Shootroom is a side project from Aerolab to which I was introduced during my first week, and that slowly became my internship’s main project.
what is shootroom?
In a nutshell, Shootroom is an Android and web app you use to easily exchange and present what you are working on with your stakeholders during a call. What Shootroom does best is that all the process is made in a reduced amount of steps, with no hassle whatsoever.
What makes shootroom worthy?
For teams who are working remotely, Shootroom is a tool that makes remote collaboration easier. Our product is straightforward and accessible to all the members of a team!
What have I done for Shootroom?
Following the Minimum Viable Product we settled with the team, I was focusing from my designer side on the Minimum Viable Brand.
According to the time we disposed for the project, we weren’t in need of a full complex brand identity. Shootroom needed a brand with the necessary core assets in order to define a strategy and an emotional message, positioned in a specific way to a specific target customer.
How I was allowed to fail…
At one point I was obsessed with creating a mascot for our product. I began to sketch it on paper and then bring it to life on computer. This task had taken several hours of my time until I realized it wasn’t needed*.
Indeed, Shootroom is a tool, not a social network where we needed to bring people together around it. I’m saying this because I took the example of the GitHub’s Octocat in order to justify the production of a mascot, but the comparison was a bit out of line and I’d realised that later.
Because failure is part of the learning process… «Nothing is lost, everything is transformed».
What’s that ?
Some foreword: in the French, the Verlan is an argot featuring inversion of syllables in a word and is common in slang. The closest concept in the english language would be the back-slang, although it doesn’t have the typical societal features of the Verlan. «Many verlan words [are related to] the original purpose of keeping communication secret from institutions of social control», according to Wikipedia.
This is why it’s funny to apply Verlan to the word «future», because it’s like tricking verbally its societal conception. By saying «Turefu» instead of «future», I’m tricking my future’s conception and making it seem less frightening. If you don’t get it, no worries: it’s because I’m a Mediterranean French (crazy but classy people 😎 y’know).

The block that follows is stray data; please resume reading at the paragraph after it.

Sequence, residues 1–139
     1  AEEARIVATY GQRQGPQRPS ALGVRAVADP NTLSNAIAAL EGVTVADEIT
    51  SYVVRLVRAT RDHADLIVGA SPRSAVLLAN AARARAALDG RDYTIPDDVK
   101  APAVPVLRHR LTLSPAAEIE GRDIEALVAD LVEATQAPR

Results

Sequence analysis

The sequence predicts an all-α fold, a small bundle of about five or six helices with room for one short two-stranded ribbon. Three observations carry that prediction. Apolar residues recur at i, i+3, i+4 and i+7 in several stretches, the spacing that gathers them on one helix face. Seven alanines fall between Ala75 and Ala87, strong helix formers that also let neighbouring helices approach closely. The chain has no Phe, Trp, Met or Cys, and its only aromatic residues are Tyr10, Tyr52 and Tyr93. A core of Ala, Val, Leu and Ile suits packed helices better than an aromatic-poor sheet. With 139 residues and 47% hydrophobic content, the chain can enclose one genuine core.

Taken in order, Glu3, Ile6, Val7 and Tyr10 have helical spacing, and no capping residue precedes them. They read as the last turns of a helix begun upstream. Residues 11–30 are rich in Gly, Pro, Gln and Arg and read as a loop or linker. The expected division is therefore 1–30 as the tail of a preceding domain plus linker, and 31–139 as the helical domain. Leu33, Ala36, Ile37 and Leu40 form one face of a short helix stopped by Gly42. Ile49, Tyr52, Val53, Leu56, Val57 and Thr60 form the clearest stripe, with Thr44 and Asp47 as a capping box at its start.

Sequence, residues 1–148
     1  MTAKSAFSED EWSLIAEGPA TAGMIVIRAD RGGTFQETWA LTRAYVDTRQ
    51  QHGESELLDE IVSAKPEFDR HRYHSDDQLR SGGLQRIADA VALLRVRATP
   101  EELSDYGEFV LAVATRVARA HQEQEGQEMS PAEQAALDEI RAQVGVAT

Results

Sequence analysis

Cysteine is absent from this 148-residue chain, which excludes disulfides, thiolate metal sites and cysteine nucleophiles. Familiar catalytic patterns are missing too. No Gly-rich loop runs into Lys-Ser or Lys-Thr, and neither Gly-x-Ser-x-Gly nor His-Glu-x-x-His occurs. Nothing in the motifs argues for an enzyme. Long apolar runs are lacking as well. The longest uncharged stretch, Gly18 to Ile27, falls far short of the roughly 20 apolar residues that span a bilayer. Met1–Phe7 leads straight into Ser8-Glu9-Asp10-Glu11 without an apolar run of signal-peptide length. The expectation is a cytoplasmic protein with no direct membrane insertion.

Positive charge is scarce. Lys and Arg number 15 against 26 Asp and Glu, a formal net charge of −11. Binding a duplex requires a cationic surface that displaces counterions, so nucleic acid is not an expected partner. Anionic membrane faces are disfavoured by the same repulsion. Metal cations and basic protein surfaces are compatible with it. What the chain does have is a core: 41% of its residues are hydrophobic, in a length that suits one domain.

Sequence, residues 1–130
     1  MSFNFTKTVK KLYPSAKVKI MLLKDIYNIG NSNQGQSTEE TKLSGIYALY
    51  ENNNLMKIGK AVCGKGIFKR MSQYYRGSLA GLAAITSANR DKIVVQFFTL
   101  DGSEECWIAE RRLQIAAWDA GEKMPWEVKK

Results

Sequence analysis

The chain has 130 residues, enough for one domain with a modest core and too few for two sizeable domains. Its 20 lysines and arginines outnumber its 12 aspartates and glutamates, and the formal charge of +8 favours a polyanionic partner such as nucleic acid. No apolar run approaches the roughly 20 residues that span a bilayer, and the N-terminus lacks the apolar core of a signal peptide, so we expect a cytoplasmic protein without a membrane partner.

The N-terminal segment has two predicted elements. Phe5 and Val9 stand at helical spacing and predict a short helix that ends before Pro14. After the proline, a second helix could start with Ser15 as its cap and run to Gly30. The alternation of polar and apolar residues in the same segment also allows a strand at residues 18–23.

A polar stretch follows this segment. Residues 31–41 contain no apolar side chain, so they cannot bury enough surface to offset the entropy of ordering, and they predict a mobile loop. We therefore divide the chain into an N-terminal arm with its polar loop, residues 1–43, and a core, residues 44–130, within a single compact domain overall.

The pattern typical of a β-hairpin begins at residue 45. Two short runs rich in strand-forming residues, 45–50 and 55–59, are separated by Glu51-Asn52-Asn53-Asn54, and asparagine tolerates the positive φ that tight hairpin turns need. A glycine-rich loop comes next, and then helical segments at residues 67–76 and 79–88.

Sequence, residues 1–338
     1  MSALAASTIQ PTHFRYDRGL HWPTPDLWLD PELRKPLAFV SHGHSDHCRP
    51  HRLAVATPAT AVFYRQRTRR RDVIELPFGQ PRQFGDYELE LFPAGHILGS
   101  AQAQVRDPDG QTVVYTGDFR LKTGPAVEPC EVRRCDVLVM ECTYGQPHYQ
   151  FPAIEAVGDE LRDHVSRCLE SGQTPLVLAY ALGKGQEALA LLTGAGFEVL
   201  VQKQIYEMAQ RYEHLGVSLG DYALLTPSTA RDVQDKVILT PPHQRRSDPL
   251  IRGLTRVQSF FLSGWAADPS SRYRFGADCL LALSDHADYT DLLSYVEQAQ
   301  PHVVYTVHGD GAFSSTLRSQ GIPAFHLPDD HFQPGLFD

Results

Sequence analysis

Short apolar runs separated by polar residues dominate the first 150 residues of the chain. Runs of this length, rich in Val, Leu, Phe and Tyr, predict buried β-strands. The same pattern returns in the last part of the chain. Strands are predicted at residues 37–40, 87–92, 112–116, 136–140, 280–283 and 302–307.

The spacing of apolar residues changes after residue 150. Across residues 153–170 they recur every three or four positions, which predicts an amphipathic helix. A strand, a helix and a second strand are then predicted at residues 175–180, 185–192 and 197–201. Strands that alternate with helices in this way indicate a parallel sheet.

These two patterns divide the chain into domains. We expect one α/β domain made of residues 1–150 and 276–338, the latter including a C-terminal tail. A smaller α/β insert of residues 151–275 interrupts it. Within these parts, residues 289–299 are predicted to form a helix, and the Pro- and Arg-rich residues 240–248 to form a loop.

Actually, I built myself a future based on the opportunities I discovered during my ongoing journey at Aerolab.
Last night she said… oh baby let’s make a logo! 🎵✨🎈
What I Learned
These first three months were a learning stretch. At some points I felt slow like a snail 🐌 —and I still do sometimes because I have high expectations for myself— but I also learned how to become autonomous without losing sight of the importance of teamwork. I had to take charge of the project and be able to work by myself —although I received help when I needed it. I also had to learn how to set schedules and deadlines when there was no one rushing us.
Besides, when I was in need of design-related advice, I had to develop the habit of going into conversations with peers and generate spontaneous design reviews.
In recollection, I re-learned how to be social. By working with a team, by taking care of my project, but also by taking care of myself.
Our favorite French girl presents us the project in which she has been working on the past 3 months 🎈 cc @belligera❤
Back To The Present
Since I joined Aerolab, I took a great deal of pleasure to talk with peers about the ongoing stuff. Discussing, giving and receiving reviews is a rewarding experience for everyone!
As designers, having small group reviews is great to sharpen our eyes; it helped me see details I wouldn’t have noticed alone. I’m willing to keep up with this dynamic. Not only because it’s a team benefit, but also because it leads to challenge the limits of our understanding. And keeps us growing?
Also at Aerolab having our own time dedicated to side projects —such as Shootroom— allows us to pitch new ideas to which we can dedicate some of our time.
Aerolab is a place you can fall in love with. It was the first time that I felt comfortable while working somewhere. I had plenty of support around me during my stay and it was rewarding. It was a relief to be allowed to be myself, which naturally had a positive impact on my efficiency.
Aerolab is a big family where everyone has a say. Here, I wasn’t just the little trainee from
France Marseille or anything else; I was and am Gabrielle and I am part of this huge and wonderful family ❤️
Joyeux anniversaire mademoiselle @belligera! 🇫🇷 We love you so much! 😄❤🎉